Weekly Poker Roundup: February 6, 2016
Poker Central Finds Its Way to Real Television Sets
Poker Central, the 24/7 poker television network that launched in October, will finally live up to its name and be on television. MultiChannel.com reported that the network has signed a deal with Onio’s Buckeye CableSystem to occupy both a standard definition and a high definition channel on the regional cable provider. Buckeye serves northwest Ohio and some of southeast Michigan, competing with larger companies like AT&T and Time Warner.
Prior to this, Poker Central, despite calling itself a television channel, was only available through a few online streaming devices. According to Poker Central’s website, poker fans can find the network on Roku, Amazon Fire Stick, Xbox 360, Xbox One, and Apple TV. It can also be watched on filmon.com, but it is considered a “premium” channel and requires a paid subscription.
Poker Central airs mostly re-runs of past poker tournaments as well as former popular television shows like “Poker After Dark” and “High Stakes Poker.” It recently began airing an original show, called “Pokerography,” which, as it sounds, is a biographical show about poker pros and celebrities. It also has a show called “Inside Poker” in the works.
The network’s biggest claim to fame so far was the production and broadcast of the Super High Roller Bowl this past summer; the event will return this year. Poker Central will also air the Global Poker League.
Online Poker Bill Passes Through New York Senate Committee
There is still a long way to go for online poker in New York, but one hurdle was overcome this week, as Senate Bill S5302, which would legalize and regulate internet poker in the state, unanimously passed through the Senate Committee on Racing, Gaming and Wagering.
The bill’s sponsor, State Senator and chairman of the committee John Bonacic, said, “S.5302-B took a necessary step forward today with its vote out of the Racing Committee. The Bill now goes to the Finance Committee and I anticipate having ongoing discussions with my colleagues in both Houses regarding this bill as session moves forward.”
The Poker Player’s Alliance also applauded the vote, though warned that supporters must still be vigilant, as some lawmakers want further progress on the bill to be delayed until New York’s land-based casinos open. Three casino licenses were recently awarded to Montreign, Rivers Casino, and Lago Resort & Casino; the casinos are expected to open in 2017.
“It would be a mistake for New York to wait for its brick-and-mortar casinos to go online,” said PPA executive director John Pappas. “Moving Internet poker legislation now would establish an existing customer base of poker players for brick-and-mortar casinos when they open their doors for business.”
Funky New Poker Game HoldemX Launches Alpha Version
I have never been big on new poker variations; the vast majority of attempts to jazz up the game have failed miserably. HoldemX, though, is something I am definitely going to try, even though it is just a play-money game right now (probably for the better for me). Launched by Mediarex Sports & Entertainment, owner of the Global Poker Index and Global Poker League, this week, HoldemX is a heads-up online poker game with an added deck construction element that bring it a slight Hearthstone or Magic: The Gathering flavor.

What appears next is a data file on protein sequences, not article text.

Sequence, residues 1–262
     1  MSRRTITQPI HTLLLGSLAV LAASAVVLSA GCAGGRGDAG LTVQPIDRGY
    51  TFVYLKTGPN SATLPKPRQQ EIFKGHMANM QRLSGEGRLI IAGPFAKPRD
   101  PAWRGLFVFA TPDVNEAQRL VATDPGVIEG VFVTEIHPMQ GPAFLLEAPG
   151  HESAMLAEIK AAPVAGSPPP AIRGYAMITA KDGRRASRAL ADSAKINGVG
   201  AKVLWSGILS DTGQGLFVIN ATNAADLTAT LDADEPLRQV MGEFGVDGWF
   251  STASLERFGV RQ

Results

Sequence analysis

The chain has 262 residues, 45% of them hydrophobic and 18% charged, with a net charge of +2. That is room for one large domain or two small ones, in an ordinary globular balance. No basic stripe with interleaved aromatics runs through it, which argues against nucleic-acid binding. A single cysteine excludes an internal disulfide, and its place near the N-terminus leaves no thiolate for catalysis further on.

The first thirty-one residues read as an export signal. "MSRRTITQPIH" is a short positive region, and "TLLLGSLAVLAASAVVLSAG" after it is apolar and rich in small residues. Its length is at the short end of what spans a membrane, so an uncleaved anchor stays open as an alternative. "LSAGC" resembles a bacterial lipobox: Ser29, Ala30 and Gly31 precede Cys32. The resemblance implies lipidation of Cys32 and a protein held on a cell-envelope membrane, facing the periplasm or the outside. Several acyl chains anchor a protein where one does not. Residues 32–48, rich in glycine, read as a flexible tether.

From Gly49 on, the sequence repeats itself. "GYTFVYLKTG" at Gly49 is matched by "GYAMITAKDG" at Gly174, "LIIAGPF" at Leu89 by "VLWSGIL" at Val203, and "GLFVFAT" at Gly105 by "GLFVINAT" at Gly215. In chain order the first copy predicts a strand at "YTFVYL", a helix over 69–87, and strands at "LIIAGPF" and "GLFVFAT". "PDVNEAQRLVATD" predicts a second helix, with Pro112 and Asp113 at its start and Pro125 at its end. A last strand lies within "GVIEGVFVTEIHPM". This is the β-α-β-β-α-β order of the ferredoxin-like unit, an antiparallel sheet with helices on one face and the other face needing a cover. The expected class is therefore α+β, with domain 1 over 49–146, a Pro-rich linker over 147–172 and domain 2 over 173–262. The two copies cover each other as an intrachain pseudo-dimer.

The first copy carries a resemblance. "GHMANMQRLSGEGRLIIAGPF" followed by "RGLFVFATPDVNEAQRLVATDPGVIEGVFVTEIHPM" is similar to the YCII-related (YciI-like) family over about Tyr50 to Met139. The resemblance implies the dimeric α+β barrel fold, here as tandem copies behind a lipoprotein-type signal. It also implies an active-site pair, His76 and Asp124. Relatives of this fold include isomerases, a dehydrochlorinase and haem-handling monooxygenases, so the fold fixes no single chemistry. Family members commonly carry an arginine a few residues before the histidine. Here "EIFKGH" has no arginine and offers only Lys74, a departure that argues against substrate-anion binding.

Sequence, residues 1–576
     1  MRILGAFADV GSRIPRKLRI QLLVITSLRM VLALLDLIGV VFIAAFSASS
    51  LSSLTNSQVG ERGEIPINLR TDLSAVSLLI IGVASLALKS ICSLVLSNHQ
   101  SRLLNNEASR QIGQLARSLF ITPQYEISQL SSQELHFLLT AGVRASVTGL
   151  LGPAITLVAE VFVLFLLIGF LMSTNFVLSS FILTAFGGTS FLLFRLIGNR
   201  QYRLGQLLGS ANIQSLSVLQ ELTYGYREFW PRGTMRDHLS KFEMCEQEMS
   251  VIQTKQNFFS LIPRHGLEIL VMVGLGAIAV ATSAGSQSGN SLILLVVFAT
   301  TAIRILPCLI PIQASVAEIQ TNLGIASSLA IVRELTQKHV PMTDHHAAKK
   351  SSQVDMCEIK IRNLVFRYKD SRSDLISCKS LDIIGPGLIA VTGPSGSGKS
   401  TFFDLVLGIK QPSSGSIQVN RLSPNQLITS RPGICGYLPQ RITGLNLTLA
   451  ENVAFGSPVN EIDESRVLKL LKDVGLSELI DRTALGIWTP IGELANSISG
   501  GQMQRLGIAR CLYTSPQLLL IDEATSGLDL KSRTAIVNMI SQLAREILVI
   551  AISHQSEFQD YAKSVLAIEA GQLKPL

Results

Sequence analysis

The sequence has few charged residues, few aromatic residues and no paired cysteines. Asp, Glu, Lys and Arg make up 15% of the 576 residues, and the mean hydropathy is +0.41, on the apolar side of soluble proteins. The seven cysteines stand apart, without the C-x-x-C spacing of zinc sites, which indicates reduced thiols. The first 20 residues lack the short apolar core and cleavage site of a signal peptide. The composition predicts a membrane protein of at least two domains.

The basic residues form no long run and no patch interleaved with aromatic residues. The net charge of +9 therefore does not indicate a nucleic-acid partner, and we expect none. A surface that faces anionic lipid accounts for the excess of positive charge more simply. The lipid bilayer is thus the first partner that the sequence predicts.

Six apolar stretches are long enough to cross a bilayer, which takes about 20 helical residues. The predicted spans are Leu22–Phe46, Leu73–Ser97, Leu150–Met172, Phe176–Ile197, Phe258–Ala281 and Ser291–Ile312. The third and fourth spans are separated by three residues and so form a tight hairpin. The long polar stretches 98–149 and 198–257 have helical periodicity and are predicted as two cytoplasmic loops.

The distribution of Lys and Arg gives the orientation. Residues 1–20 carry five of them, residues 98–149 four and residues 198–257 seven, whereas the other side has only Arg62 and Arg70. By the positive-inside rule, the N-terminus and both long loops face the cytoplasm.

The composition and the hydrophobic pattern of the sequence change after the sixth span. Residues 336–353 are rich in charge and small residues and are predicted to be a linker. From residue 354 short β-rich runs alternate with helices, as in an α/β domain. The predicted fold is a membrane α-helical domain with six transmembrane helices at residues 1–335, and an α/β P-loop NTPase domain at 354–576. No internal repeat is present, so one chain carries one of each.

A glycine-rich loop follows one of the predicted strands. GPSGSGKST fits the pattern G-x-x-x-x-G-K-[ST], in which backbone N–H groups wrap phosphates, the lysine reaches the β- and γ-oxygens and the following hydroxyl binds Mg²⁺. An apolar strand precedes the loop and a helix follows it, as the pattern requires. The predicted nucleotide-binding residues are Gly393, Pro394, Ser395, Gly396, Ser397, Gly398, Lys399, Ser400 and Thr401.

The basic game plays out like any other heads-up no-limit hold’em match: two hole cards and multiple betting rounds pre-flop, flop, turn, and river. But before the game starts, players get to choose up to six “xcards” to hopefully give them an added advantage during play. These xcards can do things like change the suit of a board card, add or subtract one from a card, re-deal a street, or even add a sixth street.
Each player first selects three cards that their opponent is prevented from choosing themselves. After those are chosen, each player picks up to six cards to have by their side during play. Each card has an associated point value; players have a budget of 45 points for the three “banned” cards and a budget of 90 points for their own six xcards.
Players have an opportunity to play one of their xcards during each betting round, though it is not required. HoldemX is free to play and is currently in alpha testing mode.
Bwin.party Can Still Operate in New Jersey with GVC’s New Temporary Waiver
GVC Holdings was issued an operational waiver by the New Jersey Division of Gaming Enforcement (DGE) this week, allowing its recent acquisition, bwin.party, to continue operating in the state while GVC’s own interactive gaming license application is being considered.
GVC, primarily a B2B gaming company, bought partypoker parent company bwin.party in September 2015 for £1.116 billion (USD $1,697 billion). It was a cash and stock deal, with bwin.party shareholders receiving 25 pence and .231 shares of GVC for each share of bwin.party. At the time, the stock portion of the deal was worth 104.643p per share, making the total deal 129.643p per share.
On February 1st, the UK Scheme Court approved the acquisition and the new company began trading on the London Stock Exchange under the ticker “GVC.”
The problem for GVC in New Jersey, though, was that GVC itself was not licensed to offer online gambling in the state, even though bwin.party was. That’s where the operational waiver comes into play. It allows GVC’s subsidiaries, namely bwin.party, to continue operating in the state while GVC’s application is pending. In the meantime, though, GVC employees are not allowed to communicate with any bwin.party/partypoker employees on the U.S. side of things. Basically, the company’s New Jersey operations be on their own without guidance from the parent company until GVC is officially licensed.
bwin.party currently operates the Borgata Hotel Casino & Spa’s online poker site, BorgataPoker.com, as well as PartyPokerNJ.com.
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